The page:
As more of the world's population moves into urban areas, and climate change increases the likelihood of flooding and extreme weather, cities all over the globe will need to strengthen their ability to withstand disasters. This year, the Rockefeller Foundation is giving a few lucky cities a push with its 100 Resilient Cities challenge, which aims to give metropolises support to design and implement disaster contingency plans.
Nearly 400 cities from around the world applied with a description of how they're preparing to withstand catastrophic events and deal with vulnerabilities both manmade and natural. As of this week, the Rockefeller Foundation has chosen 33 cities for the first round of its challenge.
By nature, a city's ability to weather disaster is a design issue, one with plenty of potential for design solutions: buildings that can withstand earthquakes and flooding, city infrastructure that can keep running when the main power goes out, and more. These cities, 11 in North America and 22 others worldwide, will receive support from the Rockefeller Foundation to hire a Chief Resilience Officer and develop and plan to increase the city's ability to bounce back from disasters.
One thing is clear: If you're looking to survive a catastrophic event, head for California.
The densely populated island just outside Oakland rests between two fault lines and faces a high risk of tsunamis. In the event of earthquakes, floods and other disasters, the city needs to develop strategies to keep the community afloat if access to the mainland is cut off.
Home to one of California's most prominent universities and a Department of Energy national lab, Berkeley is known for pioneering research. The city is currently working to be prepared to deliver critical services for up to seven days without power.
Devastating flooding and wildfires in Colorado's recent history have put resilience at the forefront of Boulder's consciousness. The city has a history of being eco-friendly, but hopes to be even more proactive about designing a community that can withstand disaster.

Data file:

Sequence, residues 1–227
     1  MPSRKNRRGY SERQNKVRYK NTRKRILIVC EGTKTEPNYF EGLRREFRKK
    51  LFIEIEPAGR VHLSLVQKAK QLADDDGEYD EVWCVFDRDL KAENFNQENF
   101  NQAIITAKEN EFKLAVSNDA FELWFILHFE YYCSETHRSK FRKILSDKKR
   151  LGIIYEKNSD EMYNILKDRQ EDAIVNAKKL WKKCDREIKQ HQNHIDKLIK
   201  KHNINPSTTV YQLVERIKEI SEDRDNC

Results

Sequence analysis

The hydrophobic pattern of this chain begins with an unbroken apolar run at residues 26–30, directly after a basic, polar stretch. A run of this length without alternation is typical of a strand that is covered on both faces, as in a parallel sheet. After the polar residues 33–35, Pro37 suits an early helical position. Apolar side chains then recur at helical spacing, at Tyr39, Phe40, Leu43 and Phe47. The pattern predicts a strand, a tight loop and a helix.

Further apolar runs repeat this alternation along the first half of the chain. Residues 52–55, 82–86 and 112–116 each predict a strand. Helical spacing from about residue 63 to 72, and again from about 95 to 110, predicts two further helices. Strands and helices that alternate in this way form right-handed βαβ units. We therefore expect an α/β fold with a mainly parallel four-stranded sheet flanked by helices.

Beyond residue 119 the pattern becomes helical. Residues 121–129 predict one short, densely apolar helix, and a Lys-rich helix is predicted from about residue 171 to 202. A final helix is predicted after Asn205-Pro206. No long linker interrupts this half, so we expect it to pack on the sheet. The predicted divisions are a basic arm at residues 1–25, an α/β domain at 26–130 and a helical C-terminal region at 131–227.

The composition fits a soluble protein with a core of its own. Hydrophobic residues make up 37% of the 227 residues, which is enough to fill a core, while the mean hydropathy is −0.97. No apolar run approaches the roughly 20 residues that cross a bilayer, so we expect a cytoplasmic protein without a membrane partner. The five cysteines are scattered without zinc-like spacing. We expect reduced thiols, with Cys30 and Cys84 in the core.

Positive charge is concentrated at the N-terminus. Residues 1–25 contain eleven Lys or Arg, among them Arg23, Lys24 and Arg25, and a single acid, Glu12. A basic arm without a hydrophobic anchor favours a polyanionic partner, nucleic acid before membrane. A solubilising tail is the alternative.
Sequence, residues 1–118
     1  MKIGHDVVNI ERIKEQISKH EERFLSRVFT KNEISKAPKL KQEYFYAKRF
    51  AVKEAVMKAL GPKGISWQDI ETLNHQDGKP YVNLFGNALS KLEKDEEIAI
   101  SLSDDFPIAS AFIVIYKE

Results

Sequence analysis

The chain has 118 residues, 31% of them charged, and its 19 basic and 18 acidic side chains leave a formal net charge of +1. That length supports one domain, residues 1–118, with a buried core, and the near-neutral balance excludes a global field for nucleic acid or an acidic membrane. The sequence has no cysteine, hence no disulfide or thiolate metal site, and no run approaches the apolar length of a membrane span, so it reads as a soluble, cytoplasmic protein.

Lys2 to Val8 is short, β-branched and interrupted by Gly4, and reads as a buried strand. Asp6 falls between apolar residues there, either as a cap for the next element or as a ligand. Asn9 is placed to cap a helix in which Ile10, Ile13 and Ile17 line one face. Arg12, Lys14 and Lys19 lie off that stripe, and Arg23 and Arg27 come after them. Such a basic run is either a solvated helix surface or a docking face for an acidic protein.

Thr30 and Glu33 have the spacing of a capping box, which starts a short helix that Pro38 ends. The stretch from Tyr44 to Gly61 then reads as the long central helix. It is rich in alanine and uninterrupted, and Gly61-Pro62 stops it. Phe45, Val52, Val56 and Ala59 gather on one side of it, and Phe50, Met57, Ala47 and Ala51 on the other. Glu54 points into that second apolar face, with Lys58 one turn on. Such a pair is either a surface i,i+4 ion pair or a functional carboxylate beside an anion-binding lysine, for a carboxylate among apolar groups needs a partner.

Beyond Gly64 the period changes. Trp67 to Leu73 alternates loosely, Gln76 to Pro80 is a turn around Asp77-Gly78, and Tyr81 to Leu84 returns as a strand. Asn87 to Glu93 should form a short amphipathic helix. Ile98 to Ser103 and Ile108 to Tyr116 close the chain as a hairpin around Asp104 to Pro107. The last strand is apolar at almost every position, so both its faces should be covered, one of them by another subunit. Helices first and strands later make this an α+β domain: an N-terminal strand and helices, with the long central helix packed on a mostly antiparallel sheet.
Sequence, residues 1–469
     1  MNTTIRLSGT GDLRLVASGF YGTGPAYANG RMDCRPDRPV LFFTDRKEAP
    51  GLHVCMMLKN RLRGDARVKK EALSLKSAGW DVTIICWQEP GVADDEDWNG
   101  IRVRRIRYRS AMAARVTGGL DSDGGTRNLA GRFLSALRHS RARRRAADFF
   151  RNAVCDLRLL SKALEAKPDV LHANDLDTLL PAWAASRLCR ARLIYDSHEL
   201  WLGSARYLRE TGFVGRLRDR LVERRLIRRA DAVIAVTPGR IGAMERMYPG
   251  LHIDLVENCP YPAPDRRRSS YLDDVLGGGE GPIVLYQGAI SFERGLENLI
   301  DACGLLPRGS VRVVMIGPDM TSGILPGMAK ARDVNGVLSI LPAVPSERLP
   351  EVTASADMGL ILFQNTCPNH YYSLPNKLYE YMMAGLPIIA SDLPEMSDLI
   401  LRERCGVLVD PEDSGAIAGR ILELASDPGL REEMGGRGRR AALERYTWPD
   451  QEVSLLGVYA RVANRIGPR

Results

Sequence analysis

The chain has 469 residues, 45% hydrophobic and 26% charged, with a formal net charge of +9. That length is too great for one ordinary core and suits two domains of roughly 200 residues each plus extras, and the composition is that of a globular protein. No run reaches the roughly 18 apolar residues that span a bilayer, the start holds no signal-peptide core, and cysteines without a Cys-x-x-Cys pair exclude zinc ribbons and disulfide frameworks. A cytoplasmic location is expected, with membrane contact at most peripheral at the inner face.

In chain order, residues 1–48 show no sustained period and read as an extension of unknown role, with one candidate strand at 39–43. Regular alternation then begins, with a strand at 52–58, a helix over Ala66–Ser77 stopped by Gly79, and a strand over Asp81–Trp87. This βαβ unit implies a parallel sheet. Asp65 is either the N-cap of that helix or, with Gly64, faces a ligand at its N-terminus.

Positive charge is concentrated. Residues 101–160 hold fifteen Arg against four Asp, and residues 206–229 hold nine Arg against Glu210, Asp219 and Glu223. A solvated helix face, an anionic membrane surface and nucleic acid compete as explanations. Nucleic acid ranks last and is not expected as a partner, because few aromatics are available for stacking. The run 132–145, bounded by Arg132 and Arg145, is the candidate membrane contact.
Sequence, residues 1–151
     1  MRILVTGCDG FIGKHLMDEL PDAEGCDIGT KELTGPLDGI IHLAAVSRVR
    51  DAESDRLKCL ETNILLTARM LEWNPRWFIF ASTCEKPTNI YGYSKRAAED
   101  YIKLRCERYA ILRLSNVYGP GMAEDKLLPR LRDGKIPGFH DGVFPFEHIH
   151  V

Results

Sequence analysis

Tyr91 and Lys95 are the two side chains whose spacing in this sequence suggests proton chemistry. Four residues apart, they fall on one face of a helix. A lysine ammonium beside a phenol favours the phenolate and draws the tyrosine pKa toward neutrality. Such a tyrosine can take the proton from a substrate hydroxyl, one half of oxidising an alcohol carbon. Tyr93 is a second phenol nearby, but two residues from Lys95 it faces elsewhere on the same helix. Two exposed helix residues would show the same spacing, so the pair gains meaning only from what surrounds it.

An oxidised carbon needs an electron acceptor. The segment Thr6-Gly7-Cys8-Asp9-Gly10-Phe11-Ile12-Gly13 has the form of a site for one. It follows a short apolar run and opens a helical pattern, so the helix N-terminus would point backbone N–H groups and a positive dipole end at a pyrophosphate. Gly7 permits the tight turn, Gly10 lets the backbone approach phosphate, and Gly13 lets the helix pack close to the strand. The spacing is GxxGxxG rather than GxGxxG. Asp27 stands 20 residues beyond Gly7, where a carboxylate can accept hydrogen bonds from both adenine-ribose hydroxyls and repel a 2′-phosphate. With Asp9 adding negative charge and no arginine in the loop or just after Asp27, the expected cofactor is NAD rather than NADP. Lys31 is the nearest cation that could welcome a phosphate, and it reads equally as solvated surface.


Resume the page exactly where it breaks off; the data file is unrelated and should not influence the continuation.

El Paso, Texas
El Paso's desert surroundings make it vulnerable to the extremes of climate change. The city is partnering with Ciudad Jaurez across the border in Mexico to keep their already limited shared water supply stable.
A large swath of coastline, along with many rivers, marshes and swamps puts Jacksonville at high risk as sea levels rise.
Los Angeles, Calif.
LA's sprawl makes sustainability even more of a challenge. A city of more than 3 million people that spans 469 square miles needs all the help it can get to design for disasters.
New Orleans, La.
In the wake of hurricanes, oil spills and other disasters, the city "has learned important lessons about what it takes to become a vibrant, resilient city," according to the Rockefeller Foundation.
New York City, N.Y.
An estimated 400,000 people in New York live in buildings that are vulnerable to coastal flooding. Figuring out how to make the country's largest city sustainable could serve as a model for urban areas around the world.
The largest Naval base in the world is located here at the mouth of the Chesapeake Bay. Flooding, power outages and inadequate evacuation plans are just some of the city's challenges.
Oakland's community-driven climate change planning could be a model for other cities. A network of local groups has led the way on studying the potential impact of sea level rise and flooding.
San Francisco, Calif.
San Francisco's strict building safety codes and use of social media to help people prepare for emergencies give it a leg up in the face of disasters.